Weather World goes to Cambridge

An interesting bit in the December Weather World from the BBC about the UK record maximum temperature of 38.7°C recorded at the Botanic Gardens in Cambridge on the 25th of July, with Nick Miller posing questions to Phil Johnson of the Met Office. I spent a number of years as an observer, and before the advent of ERT we had to walk out to the enclosure, which at some locations could mean a long walk to take the wet and dry bulb readings each hour of the day and night. It never really occurred to me that opening the screen door for 10 seconds or so might affect the reading that much although I’m pretty sure it never really did. Not so with the remote temperature sensors we have today according to Phil.

Courtesy of the BBC

I personally think that the daily extremes derived from the much more sensitive ERT sensors of today and those manual readings taken from mercury or alcohol in glass thermometers in the past are much larger than is thought.

Nick Miller’s questions are far from probing about the suitability of the location of the screen, but he obviously recognises that people do have legitimate concerns about it.

Courtesy of the BBC

Phil Johnson goes on to defend how the site and the screen meets all the requirements for a climate temperature site as laid down in the WMO regulations. Despite the site having changed radically in the last 20 years because of the galloping urbanisation that’s gone on in the immediate vicinity, he can find no problem with it. Here’s Phil with the new Sainsbury Laboratory building behind, the roof of which is covered in glass skylights and solar panels just over 40 metres to the NW of the enclosure.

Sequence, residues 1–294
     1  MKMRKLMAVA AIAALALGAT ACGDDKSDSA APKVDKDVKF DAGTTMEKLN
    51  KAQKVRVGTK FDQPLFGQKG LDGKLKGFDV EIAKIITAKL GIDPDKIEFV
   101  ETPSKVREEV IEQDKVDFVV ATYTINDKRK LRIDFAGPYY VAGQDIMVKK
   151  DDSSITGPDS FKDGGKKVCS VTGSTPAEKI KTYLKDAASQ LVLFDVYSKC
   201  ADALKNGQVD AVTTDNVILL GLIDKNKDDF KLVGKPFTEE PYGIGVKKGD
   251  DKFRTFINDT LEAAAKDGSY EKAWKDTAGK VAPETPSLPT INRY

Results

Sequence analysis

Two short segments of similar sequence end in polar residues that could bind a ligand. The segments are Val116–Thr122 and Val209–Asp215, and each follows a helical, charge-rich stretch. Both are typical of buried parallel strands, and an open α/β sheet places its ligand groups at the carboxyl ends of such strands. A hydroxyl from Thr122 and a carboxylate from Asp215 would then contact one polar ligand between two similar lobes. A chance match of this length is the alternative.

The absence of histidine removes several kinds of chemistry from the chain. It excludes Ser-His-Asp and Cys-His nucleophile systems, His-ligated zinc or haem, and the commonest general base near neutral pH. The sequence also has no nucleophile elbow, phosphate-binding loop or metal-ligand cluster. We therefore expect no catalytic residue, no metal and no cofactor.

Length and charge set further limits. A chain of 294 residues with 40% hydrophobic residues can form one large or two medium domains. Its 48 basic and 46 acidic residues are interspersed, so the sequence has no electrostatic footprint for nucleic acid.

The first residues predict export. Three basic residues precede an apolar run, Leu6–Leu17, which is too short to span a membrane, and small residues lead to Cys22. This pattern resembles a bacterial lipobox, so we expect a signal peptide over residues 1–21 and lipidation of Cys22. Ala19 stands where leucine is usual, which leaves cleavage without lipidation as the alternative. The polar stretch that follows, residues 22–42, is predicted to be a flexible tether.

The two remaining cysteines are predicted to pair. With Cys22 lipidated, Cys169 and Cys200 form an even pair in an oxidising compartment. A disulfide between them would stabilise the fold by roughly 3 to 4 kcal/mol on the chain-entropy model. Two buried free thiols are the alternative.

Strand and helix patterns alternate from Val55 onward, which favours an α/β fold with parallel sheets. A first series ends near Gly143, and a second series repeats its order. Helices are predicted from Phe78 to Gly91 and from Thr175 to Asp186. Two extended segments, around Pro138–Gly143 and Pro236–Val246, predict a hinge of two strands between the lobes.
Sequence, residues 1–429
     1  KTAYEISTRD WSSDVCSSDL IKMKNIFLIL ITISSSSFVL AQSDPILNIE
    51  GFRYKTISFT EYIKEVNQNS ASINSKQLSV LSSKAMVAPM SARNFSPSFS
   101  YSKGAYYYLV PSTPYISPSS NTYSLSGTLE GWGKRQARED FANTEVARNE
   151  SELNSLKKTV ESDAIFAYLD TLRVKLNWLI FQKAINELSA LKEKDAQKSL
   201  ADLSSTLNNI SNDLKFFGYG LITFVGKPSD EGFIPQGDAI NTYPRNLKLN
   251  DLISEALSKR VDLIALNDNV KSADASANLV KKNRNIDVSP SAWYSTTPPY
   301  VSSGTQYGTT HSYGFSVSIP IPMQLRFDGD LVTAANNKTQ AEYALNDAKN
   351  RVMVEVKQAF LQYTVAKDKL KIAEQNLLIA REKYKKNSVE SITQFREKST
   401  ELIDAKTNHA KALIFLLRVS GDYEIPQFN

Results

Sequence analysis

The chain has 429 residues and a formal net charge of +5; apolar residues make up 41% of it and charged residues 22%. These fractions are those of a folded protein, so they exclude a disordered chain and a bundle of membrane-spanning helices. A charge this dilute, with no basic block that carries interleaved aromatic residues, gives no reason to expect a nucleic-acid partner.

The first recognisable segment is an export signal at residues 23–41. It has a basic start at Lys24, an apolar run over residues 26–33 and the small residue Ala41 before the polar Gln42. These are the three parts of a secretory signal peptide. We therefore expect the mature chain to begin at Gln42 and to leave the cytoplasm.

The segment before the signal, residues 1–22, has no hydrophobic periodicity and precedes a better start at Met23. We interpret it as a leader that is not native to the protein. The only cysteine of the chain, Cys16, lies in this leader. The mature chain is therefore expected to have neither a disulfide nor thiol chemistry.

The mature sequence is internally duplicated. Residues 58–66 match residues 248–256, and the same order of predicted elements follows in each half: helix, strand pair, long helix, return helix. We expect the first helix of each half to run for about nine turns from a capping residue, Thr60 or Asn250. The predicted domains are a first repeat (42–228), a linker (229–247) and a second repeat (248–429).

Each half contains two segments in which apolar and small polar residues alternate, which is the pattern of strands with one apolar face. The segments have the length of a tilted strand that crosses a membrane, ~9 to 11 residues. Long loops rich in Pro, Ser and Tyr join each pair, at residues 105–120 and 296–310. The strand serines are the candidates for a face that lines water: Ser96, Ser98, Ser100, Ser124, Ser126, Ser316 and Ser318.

Siting classifications for surface observing stations on land
Courtesy of WMO

The site at Cambridge almost certainly can’t be classified as WMO class 1 for temperature, with buildings extending from the west through to north easily exceeding the 10% allowance within a 100 metre radius. On the face of it, it does meet the more relaxed WMO class 2 classification, which allows for an AWS being 30 metres from any heat source. The top of their screen does look rather thin and in poor shape, in my experience the top of a Stevenson screen was always covered in a sheet of zinc. I still wonder why we didn’t get to have a peek inside.

Courtesy of Google Maps

This is how the site at the Botanic gardens Cambridge looks at the moment. If the Met Office are serious about how accurately they measure temperature across the UK, why didn’t they just ask the Botanic gardens there to relocate the screen away from the buildings?

You may also like...